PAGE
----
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Farmers Urged to Adopt Top Norms
The Standardization Administration of China Tuesday urged the country's farmers to adhere to national food standards to improve quality and increase exports.

Li Zhonghai, chief of the administration, told a teleconference in Beijing that China is speeding up the application of agricultural standards.

Both Li's agency and the Ministry of Agriculture are developing a system of national standards that promises to guarantee food safety and quality in agricultural production.

By 2005, half of the country's agricultural standards will be on a par with internationally established advanced standards, thus significantly raising the level of China's agricultural standards, Li said.

By the end of last year, China had issued 3,929 agricultural standards. Only one-fifth of them had been adopted from international standards, according to Li's agency.

Producing and processing farm produce in line with established standards has helped farmers adopt advanced agricultural techniques and increase their incomes, Li said.

Officials and experts have increasingly blamed the country's poor quality of products and slow export growth largely on a low level of standards, rather than on backward equipment and expertise.

For example, traces of pesticide residue were cited as one of the reasons why the European Union banned some meat and seafood products from China last year.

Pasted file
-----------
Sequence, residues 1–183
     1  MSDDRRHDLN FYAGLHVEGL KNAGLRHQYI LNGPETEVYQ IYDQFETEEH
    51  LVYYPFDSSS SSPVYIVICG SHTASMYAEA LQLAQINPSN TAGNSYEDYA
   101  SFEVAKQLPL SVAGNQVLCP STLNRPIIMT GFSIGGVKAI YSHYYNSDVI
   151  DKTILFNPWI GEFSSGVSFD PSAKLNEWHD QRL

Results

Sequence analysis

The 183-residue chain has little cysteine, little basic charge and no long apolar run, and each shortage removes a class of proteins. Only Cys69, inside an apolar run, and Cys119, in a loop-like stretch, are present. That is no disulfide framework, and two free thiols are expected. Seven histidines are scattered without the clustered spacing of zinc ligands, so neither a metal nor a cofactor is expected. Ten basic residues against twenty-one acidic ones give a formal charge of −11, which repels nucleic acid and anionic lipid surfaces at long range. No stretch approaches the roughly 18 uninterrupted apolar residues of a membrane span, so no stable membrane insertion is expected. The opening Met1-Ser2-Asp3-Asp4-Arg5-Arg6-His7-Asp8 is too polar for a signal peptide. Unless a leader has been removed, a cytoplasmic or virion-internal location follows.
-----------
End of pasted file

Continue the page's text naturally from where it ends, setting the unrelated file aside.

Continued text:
China's standards include 484 pesticide residue limits, a number that represents only 2.2 percent of the total listed by the EU, Li said.

In drawing up Chinese agricultural standards, the authorities will refer to the resources of the food standards body Codex Alimentarius Commission, the animal-health organization Office International des Epizooties and the Integrated Plant Protection Center of the United States.

In the formulation and adoption of agricultural standards, the focus will be on those relating to harmful residue limits for pesticides, feed additives and veterinary medicine, and the appropriate testing methods, Li said.

Vice-Minister of Agriculture Fan Xiaojian Tuesday said China has issued 195 new standards over the past two years to ensure that a whole batch of key agricultural products is contamination-free.

In line with these standards, the ministry and the Certification and Accreditation Administration of China last week announced a list of 214 - including fruit, vegetables and fish - that can be labeled "eco-friendly" and safe for consumption.

Han Jun, a senior expert with the State Council Development Research Center, a government think-tank, said massive publicity is needed to inform more than 200 million farming households in China of the new and proposed standards, including the benefits they can expect from their implementation.

(China Daily June 11, 2003)

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